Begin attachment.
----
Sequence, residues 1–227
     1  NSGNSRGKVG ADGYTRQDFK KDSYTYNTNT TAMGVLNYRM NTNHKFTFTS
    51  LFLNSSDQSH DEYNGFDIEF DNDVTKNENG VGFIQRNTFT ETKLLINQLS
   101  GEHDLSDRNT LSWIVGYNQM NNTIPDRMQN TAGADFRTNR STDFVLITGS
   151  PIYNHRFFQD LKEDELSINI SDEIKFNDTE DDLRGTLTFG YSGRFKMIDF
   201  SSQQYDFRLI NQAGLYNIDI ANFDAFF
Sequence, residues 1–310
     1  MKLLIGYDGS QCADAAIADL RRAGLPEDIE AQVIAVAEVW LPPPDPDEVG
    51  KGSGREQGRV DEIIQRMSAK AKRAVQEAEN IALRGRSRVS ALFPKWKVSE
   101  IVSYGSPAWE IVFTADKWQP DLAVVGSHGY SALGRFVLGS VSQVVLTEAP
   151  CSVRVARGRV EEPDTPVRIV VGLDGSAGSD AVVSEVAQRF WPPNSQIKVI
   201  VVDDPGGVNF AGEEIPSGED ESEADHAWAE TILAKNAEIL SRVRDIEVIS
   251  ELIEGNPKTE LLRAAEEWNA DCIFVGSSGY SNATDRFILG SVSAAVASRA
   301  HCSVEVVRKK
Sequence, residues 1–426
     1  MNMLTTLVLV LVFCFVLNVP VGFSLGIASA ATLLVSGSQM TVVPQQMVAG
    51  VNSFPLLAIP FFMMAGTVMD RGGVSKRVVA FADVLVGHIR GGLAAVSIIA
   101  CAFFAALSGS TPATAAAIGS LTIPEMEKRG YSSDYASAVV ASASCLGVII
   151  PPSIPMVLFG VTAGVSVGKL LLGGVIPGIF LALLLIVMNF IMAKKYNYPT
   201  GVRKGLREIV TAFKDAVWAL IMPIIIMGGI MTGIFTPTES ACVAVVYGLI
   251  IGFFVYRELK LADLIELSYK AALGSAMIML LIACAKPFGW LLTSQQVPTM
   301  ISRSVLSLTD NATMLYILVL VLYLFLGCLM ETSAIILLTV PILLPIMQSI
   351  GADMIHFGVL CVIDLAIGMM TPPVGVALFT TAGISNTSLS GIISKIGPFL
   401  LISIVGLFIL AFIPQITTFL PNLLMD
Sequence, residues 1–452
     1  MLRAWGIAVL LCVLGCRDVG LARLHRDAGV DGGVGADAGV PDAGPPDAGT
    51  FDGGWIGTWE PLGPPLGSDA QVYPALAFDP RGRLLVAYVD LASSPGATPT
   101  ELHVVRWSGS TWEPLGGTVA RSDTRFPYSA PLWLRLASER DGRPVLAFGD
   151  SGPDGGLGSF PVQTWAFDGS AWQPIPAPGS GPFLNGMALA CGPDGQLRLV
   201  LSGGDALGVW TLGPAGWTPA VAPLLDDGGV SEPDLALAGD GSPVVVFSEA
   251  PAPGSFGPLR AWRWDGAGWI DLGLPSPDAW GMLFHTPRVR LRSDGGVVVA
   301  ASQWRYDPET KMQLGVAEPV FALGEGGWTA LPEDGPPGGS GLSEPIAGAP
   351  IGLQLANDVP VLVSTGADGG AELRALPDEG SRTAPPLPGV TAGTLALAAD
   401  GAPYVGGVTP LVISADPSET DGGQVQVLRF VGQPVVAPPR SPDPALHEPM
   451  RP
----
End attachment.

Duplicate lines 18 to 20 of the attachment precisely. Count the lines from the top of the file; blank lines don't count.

   101  CAFFAALSGS TPATAAAIGS LTIPEMEKRG YSSDYASAVV ASASCLGVII
   151  PPSIPMVLFG VTAGVSVGKL LLGGVIPGIF LALLLIVMNF IMAKKYNYPT
   201  GVRKGLREIV TAFKDAVWAL IMPIIIMGGI MTGIFTPTES ACVAVVYGLI